In fact, you are pointing an issue that has tremendous impact on the country’s ability to achieve the SDGs. One of the things that we need to consider when working towards the SDGs is the ability to prevent fall back. Actually, that is an erosion of the development gains that have already been recorded. And so, we do see that many people in Ethiopia are vulnerable either as a result of conflict in their immediate neighborhood or in response to climate change, which has actually led to severe, more extreme and more frequent weather events with droughts and floods resulting and therefore impacting people; in the case of pastoralists, of course, [it affects] the availability of grazing land for their animals or for those who are farming predictability of crop yields and predictability of resources for farming. So, people are living under very challenging circumstances and that i’s why so many people are dependent on humanitarian assistance. That’s something, of course, the UN system is working very hard to change together with the government, which has a huge responsibility and is actually very importantly putting forward action plans and guidelines that are very relevant at this stage. But, the burden and the challenges are enormous and this is not an easy task. Of course, I would say that creating the conditions for stability in the country is very important and I think people at large have a very important responsibility for showing each other mutual respect and one is worried about the escalation of conflict that has ethnic signs of parameters. And it is very important, I think, everyone is contributing to a peaceful development for Ethiopia. After all, Ethiopians of different ethnicity and different religion, they have a lot in common. By finding ways to achieve peaceful coexistence, by respecting one another, showing each other love and consideration and living side by side, even though we are different, that can have a huge impact on the ability of the country to bring peace. So, it’s not just the government’s job. It’s also the job of everyone, young and old and so on. So, stronger mechanisms for reconciliation, which also means that justice is respected, that those who have broken the laws are actually held to account for that is a very important element of achieving reconciliation and forgiveness by those who have been hurt and affected.
It has been a year since the reform started in Ethiopia. How do you understand the reform?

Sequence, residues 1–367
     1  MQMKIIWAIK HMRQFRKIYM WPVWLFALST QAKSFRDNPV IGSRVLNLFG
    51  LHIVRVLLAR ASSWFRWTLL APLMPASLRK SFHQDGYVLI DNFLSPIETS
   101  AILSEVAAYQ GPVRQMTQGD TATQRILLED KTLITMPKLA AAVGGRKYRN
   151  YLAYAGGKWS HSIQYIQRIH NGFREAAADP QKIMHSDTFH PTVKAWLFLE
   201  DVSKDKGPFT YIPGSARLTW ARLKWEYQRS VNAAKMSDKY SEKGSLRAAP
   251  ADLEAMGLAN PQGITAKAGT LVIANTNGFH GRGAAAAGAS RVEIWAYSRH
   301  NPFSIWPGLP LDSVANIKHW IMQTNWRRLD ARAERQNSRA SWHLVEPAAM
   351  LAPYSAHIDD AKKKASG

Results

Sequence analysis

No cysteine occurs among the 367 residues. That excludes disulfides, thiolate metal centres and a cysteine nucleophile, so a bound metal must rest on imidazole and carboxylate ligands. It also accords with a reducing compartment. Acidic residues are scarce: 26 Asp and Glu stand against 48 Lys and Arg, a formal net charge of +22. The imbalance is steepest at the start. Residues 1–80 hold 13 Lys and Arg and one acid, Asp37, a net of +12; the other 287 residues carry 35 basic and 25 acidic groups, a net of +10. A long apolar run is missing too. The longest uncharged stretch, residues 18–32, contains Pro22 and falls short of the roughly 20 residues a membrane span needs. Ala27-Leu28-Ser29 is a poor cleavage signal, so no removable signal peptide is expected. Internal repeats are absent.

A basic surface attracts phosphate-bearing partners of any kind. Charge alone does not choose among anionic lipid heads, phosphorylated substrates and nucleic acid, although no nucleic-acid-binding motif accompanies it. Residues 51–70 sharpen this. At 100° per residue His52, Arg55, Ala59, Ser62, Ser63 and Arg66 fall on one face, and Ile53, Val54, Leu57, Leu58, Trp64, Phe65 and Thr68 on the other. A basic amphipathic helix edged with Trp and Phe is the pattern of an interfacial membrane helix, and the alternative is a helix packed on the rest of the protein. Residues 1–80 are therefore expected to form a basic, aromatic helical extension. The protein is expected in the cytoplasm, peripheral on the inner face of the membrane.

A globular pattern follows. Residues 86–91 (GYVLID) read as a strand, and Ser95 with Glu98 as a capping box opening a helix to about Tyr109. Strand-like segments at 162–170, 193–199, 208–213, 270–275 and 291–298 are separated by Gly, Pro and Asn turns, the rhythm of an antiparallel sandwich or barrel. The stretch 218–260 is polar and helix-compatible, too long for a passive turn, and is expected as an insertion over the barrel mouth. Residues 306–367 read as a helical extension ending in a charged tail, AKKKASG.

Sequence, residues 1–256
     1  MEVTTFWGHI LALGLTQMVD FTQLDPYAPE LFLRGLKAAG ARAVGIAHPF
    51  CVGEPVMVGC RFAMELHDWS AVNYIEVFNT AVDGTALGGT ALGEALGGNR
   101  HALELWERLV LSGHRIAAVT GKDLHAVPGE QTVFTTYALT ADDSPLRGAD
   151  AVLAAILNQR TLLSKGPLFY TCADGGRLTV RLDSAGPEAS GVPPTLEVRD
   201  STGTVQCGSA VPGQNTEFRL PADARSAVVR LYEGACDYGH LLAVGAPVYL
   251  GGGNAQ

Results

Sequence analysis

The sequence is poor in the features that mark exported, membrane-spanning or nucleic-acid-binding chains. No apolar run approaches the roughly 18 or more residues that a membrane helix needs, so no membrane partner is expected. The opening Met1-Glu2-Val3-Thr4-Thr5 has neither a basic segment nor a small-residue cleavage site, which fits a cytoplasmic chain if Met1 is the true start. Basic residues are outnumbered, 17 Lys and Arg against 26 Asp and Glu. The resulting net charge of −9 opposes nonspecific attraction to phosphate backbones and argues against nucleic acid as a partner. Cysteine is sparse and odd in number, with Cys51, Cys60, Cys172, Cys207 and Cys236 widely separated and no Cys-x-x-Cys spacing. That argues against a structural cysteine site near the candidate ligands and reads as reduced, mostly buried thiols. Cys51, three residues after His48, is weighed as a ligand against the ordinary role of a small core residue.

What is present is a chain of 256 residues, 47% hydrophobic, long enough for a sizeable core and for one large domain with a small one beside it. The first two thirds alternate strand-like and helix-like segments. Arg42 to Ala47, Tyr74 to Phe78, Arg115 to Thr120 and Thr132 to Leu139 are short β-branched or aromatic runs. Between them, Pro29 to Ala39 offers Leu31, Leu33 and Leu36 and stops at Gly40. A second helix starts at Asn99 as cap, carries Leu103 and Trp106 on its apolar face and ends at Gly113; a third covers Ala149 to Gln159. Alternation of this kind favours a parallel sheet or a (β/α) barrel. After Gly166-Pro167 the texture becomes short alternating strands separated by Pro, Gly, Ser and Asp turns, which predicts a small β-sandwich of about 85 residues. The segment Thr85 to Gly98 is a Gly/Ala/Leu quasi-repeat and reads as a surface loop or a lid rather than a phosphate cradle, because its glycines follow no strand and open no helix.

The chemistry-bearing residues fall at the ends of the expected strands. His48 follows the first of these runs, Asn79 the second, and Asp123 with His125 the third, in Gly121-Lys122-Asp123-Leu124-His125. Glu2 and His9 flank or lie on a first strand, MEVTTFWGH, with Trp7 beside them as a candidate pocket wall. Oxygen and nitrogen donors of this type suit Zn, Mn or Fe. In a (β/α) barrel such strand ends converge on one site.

First of all, the reform is mind boggling; it is very impressive actually to watch Ethiopia undergo these changes at this particular time. It has been a privilege actually to work in Ethiopia as a development partner during this time and to be part of the tremendous energy that is flowing through the system. Of course, the Prime Minister and many people working around him as well as the political competitors are engaging towards Ethiopia’s development. It is been very encouraging, I would say, to witness. There are two strands of the reform: one is on the economic side with the clear steer and push for regional economic integration, which I think has a lot of opportunity over time including some immediate economic reforms such as the drive for privatization and strengthening the quality and integrity of public enterprise and state-owned sector. And the second main strand is the political or democratic reforms, which are also progressing very well and which will be very important for Ethiopia’s future. Democratization is not an easy prospect. It takes time to build the proper institutions. There has to be a national discourse and dialogue on some of these issues. It has to be allowed to take time. And then again, there is a need for patience among the political competitors. And, of course, from our side, we hope that this will happen on a very peaceful terms; that there is a peaceful exchange of different views in terms of the development of the concept of ethnic federalism or the future of the constitution and the constitution-based institutions. We are working from the UNDP side to strengthen the capacity of democratic institutions and this is an extremely rewarding time to be doing that. I think many of these institutions have been given new life. There are also several voices in the society arguing that these institutions should also be reformed; on the one hand, implementing the constitutional mandate that these institutions have been given, and on the other hand to be part of the revolution.